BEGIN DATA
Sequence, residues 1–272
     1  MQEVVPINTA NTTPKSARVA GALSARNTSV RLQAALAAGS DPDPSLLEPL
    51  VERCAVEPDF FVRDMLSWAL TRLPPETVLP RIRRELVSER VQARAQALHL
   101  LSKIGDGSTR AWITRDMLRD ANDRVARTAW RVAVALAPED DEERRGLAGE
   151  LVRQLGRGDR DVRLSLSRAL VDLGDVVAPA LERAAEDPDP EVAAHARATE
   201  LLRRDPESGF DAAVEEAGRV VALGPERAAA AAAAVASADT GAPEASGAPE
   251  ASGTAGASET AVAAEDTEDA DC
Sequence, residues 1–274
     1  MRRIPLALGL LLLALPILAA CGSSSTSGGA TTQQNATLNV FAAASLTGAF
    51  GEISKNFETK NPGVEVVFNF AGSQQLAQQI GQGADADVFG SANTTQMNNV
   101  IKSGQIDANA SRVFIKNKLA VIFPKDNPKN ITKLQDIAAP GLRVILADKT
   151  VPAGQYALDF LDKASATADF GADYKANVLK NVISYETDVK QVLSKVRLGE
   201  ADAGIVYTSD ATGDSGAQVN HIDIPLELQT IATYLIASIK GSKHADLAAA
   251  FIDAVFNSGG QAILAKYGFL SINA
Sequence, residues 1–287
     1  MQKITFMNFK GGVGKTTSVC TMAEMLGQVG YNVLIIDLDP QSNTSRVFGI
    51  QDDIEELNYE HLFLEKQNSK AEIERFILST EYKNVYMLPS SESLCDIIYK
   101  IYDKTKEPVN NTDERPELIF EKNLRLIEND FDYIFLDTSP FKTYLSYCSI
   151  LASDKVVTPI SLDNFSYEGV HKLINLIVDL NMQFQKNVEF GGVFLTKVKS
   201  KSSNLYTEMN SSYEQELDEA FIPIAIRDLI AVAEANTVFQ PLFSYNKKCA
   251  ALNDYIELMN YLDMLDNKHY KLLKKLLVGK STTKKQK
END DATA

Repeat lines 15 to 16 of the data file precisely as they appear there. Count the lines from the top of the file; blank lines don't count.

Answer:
Sequence, residues 1–287
     1  MQKITFMNFK GGVGKTTSVC TMAEMLGQVG YNVLIIDLDP QSNTSRVFGI